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7 of 7 people found the following review helpful
5.0 out of 5 stars A return to form
The Secret History is one of my favourite books, and like much of Donna Tart's fan-base I was disappointed with The Little Friend.

The Goldfinch however is a return to form.

I don't know whether Donna Tart was searching for the formula that made The Secret History such a success, but there are similarities between the two books. The Secret History...
Published 1 month ago by AT Clarke

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2 of 2 people found the following review helpful
1.0 out of 5 stars Tedious beyond belief
The readership seems to divide into those who rave about this book and those who find it tedious beyond belief. I am firmly in the latter group and agree wholeheartedly with everyone mystified by the plaudits. There are whole paragraphs, whole pages, whole episodes of padding that could - and should - have been excised. As reviewer number one thousand four hundred and...
Published 1 day ago by A. W. Macfarlane


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7 of 7 people found the following review helpful
5.0 out of 5 stars A return to form, 4 Aug 2014
By 
AT Clarke - See all my reviews
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This review is from: The Goldfinch (Kindle Edition)
The Secret History is one of my favourite books, and like much of Donna Tart's fan-base I was disappointed with The Little Friend.

The Goldfinch however is a return to form.

I don't know whether Donna Tart was searching for the formula that made The Secret History such a success, but there are similarities between the two books. The Secret History had a sense of class isolation, an outsider looking in on a world he didn't belong to - and there are elements of that theme in the new book.

The book is laced with questions about the human condition as lead character struggles to overcome a major tragedy in his childhood. I thought the character development was excellent - the book spans over a decade - and you get a great feel for the person he has become and the choices he has made.

Overall I found this book to be truly excellent, the characters and story stayed with me for weeks after finishing.
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3 of 3 people found the following review helpful
4.0 out of 5 stars Why the controversy?, 14 Aug 2014
By 
M. READ (London) - See all my reviews
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This review is from: The Goldfinch (Kindle Edition)
Coming a bit late to the party here, I read the novel aware of most of the views expressed, and the deep divisions between reviewers--the majority hailing it as a masterpiece, while a few dissenters slam it. Far be it from me to challenge the professionals, but I think the qualities and faults are pretty clear. No-one surely can deny the charm of Tartt's style, or her ability to set up an intriguing situation (the qualities which made 'The Secret History' so popular). But the problem with an intriguing set-up is that it tends to promise more than it can deliver-- I felt this even with 'The Secret History', which I loved. Here, the last 100 pages are a bit of a mess (maybe that's going slightly too far-- let's say complex and convoluted without enough depth to balance them). But in terms of a reader's pleasure there are whole stretches that are outstanding--for me, particularly the Las Vegas section. Since my taste is always for a novel that tries to do too much rather than too little, I can't help warming even to the excesses. Yes, editors could have taken the scissors to it--but I think they would have taken its heart away--its sense of the richness and complexity of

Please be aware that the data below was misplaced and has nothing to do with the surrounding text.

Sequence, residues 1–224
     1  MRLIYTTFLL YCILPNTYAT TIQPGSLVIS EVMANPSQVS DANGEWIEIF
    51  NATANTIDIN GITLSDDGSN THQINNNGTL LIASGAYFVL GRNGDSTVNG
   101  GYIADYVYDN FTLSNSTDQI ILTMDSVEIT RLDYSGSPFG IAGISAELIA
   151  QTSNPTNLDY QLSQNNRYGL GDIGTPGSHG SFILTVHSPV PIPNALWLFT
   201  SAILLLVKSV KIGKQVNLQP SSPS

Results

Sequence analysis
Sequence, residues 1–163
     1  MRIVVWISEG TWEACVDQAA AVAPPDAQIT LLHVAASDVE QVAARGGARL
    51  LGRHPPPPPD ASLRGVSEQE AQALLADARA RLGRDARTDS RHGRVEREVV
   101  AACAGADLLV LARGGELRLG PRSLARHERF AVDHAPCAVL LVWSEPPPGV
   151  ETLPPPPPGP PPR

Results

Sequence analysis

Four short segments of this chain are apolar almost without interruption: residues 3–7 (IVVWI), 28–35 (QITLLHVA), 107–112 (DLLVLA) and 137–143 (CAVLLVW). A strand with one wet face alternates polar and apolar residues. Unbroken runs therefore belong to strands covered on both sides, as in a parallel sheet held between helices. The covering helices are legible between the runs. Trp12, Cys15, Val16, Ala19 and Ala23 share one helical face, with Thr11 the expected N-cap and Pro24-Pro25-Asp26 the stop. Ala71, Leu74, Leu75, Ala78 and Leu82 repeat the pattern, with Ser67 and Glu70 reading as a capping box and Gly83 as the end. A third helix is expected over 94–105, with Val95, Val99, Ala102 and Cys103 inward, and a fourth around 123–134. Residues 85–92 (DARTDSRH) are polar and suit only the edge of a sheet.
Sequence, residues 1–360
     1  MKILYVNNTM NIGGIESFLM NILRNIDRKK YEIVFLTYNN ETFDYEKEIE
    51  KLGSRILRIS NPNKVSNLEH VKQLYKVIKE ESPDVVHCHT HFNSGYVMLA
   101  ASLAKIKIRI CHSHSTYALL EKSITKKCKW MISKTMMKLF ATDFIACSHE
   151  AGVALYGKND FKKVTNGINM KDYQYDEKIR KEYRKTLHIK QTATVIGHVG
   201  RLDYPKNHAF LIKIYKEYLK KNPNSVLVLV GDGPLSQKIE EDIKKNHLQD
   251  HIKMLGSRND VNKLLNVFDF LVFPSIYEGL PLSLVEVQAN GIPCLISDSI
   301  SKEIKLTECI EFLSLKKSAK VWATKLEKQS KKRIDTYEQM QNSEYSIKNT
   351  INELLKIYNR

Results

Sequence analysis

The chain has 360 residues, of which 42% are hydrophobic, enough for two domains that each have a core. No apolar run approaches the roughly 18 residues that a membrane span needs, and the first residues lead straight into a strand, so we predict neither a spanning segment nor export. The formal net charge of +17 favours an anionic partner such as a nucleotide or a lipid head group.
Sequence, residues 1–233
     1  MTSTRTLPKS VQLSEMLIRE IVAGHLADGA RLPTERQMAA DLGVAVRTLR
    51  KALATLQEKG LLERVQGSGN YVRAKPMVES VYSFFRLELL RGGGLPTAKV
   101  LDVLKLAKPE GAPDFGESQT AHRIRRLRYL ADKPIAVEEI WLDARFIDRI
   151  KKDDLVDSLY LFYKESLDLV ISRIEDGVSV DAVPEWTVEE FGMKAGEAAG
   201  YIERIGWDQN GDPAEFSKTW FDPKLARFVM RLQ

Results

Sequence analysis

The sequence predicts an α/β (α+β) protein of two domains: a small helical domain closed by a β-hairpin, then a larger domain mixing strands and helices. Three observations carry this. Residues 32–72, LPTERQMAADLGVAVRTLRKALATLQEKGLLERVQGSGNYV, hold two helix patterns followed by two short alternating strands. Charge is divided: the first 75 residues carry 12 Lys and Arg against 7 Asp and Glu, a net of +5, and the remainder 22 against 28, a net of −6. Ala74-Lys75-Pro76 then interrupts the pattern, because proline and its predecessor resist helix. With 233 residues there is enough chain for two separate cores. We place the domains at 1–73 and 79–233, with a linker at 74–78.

life.
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80 of 89 people found the following review helpful
5.0 out of 5 stars Brilliance and paradox, 13 April 2014
This review is from: The Goldfinch (Paperback)
Rarely these days does one find a writer brave enough to confront so unflinchingly the desperateness of the human condition in the 21st century. But Donna Tartt is such a writer and it is this which raises her novel The Goldfinch to the highest level of art. The protagonist Theo Decker has been compared to Pip in Great Expectations but the reality is that this is a far darker tale than Dickens' novel.

Dickens shines a light on the bleakness and wickedness at the heart of 19th century British industrial society but in his novels there is always the conviction that good and right will triumph in the end. This was still a Christian world he was writing about after all and his Victorian audience expected a happy ending even if the reality did not quite live up to it.